Recently I saw a StackOverflow discussion on dynamic SQL devolve into an argument against it because it always constitutes a SQL Injection vector. This brings up something I formulated for my database security class. Dynamic SQL by itself is not sufficient for a SQL Injection Attack. The following three conditions are each necessary and together they are sufficient for a SQL Injection Attack.
|1.||Dynamic SQL||Yes, it’s necessary. But let’s be a bit more general: the application must generate and submit a SQL command text with non-sanitized varying subtexts.|
|2.||Escalated DB Privileges||SQL Injection as an attack vector only makes sense if you assume the vulnerable application carries more database privileges than you want its end user to have. If you have a legitimate database account with the correct privileges, who cares what you do? I mean, you can probably use an interactive SQL client, right? You can use APEX or any of the scores of interactive web interfaces but since it’s under your account, well – no problem.|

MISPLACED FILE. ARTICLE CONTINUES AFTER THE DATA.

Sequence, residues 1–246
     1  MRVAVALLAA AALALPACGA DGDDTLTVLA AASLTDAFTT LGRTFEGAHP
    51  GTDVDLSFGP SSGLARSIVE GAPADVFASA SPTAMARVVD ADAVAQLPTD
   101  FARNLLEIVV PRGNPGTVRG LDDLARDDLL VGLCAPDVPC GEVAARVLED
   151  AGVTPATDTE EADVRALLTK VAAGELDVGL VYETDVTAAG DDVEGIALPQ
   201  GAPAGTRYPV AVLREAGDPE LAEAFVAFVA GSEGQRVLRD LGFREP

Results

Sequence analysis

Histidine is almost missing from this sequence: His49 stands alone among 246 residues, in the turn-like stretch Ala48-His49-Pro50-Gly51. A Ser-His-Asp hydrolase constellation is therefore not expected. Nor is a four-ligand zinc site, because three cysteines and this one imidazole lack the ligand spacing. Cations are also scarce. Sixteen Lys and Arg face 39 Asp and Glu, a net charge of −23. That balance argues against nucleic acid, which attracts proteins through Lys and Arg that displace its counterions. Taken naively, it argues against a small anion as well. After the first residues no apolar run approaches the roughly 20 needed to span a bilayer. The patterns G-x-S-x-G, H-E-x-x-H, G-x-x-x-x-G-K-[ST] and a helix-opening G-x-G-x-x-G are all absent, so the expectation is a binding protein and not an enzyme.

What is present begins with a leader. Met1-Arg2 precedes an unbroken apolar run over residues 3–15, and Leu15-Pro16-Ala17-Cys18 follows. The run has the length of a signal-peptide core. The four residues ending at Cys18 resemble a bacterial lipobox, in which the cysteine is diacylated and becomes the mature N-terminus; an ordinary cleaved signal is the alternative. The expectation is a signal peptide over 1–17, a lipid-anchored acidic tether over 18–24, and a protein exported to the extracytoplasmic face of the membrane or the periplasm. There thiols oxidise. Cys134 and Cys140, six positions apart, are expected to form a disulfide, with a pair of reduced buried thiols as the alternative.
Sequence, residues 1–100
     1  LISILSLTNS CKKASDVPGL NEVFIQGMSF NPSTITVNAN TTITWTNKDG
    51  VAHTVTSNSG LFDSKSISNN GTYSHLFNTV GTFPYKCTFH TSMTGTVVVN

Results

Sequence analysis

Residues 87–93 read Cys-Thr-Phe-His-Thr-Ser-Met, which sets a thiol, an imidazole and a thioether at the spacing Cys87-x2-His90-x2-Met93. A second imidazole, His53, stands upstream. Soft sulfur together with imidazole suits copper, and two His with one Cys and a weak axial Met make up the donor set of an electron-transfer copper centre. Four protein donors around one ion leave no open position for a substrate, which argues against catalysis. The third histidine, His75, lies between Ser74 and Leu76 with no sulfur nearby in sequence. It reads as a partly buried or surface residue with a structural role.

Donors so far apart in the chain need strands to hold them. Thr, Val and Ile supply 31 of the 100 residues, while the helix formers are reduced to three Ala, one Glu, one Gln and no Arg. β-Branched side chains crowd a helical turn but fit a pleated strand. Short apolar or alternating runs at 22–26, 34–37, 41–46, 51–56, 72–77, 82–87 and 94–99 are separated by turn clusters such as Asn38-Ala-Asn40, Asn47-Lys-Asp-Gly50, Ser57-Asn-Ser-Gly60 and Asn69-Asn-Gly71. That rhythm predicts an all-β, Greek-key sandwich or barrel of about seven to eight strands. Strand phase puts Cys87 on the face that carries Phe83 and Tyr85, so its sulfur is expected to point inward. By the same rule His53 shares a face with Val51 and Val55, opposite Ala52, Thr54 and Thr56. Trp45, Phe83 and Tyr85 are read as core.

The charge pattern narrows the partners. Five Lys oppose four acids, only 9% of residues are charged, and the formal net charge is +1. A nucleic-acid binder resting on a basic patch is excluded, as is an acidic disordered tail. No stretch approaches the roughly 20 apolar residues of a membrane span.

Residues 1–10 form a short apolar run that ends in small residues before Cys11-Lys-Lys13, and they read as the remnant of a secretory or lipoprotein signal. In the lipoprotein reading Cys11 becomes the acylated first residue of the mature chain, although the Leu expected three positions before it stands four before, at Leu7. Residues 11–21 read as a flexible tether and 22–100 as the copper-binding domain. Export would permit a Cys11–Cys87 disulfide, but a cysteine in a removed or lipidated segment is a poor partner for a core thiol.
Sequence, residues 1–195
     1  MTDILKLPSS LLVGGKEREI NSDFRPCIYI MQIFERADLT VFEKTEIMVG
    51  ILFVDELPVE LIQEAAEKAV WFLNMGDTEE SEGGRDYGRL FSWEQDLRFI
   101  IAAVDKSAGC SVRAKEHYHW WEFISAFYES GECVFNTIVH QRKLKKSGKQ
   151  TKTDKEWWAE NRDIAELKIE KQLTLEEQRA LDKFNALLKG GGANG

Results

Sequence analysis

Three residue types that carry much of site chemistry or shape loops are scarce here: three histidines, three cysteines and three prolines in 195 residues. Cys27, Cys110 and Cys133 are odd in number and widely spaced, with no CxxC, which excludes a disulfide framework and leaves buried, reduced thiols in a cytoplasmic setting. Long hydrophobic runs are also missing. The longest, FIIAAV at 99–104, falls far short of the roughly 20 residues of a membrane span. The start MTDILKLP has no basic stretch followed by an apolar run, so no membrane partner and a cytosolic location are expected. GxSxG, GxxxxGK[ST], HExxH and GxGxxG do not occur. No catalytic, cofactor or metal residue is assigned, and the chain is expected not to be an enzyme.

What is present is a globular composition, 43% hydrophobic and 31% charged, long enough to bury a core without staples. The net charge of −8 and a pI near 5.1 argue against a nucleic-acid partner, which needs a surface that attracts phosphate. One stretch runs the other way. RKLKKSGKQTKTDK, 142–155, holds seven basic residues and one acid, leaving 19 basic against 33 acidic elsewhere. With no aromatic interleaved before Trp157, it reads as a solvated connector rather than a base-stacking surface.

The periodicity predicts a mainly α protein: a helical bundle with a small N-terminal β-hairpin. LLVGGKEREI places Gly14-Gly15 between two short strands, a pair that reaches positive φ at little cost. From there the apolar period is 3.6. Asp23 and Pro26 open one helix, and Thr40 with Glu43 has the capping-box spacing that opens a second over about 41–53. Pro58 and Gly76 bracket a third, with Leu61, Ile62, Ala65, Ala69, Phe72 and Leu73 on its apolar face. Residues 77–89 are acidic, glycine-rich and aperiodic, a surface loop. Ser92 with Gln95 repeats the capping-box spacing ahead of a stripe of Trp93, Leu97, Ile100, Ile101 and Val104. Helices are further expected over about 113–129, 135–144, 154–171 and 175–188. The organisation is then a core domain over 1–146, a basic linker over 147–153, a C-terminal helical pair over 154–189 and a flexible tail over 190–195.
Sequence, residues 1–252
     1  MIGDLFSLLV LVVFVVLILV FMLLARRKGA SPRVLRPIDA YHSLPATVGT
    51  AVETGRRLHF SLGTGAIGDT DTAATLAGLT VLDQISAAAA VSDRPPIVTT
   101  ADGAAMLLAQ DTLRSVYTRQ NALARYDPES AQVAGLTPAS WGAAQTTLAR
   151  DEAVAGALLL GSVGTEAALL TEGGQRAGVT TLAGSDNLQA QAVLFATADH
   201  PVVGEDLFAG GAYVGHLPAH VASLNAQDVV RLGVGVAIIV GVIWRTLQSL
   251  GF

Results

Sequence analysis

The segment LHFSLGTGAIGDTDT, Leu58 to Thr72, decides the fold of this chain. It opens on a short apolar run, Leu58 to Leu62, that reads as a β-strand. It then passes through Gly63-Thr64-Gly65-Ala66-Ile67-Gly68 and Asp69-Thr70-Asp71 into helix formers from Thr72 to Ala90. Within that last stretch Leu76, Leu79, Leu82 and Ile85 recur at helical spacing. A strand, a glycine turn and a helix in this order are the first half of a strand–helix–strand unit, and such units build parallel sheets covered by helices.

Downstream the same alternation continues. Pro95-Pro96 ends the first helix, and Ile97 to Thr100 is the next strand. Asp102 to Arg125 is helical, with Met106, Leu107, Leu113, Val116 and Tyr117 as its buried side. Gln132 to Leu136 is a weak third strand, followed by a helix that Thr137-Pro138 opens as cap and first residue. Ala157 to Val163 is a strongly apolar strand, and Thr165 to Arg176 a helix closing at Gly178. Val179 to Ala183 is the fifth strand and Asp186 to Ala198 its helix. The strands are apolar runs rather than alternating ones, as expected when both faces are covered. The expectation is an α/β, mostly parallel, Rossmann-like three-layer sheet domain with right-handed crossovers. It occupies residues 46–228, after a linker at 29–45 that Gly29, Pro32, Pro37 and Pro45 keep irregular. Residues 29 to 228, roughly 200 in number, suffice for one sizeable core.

|3.||Poor Authentication||One thing about SQL injection is that it’s time-consuming. It’s really pretty easy to track any known user who is trying to go through the steps of SQL injection. There are too many failed queries that are recognizable injection attempts. An attacker has to do a lot of experimentation, trial and error. Even using an “injection toolkit,” there is a lot of database traffic. It only reduces the attacker’s workload. In fact, these toolkits usually presuppose poor authentication.|
Now it’s important to note that any web application that allows you to search product information probably has what I would call “poor authentication.” Do you have to sign in to look for the closest bank branch? Anything with a search box has at least this criterion for SQL injection.
You shouldn’t cross out Dynamic SQL out of hand as if it were always causing an injection vulnerability. Know the tools, know their weaknesses.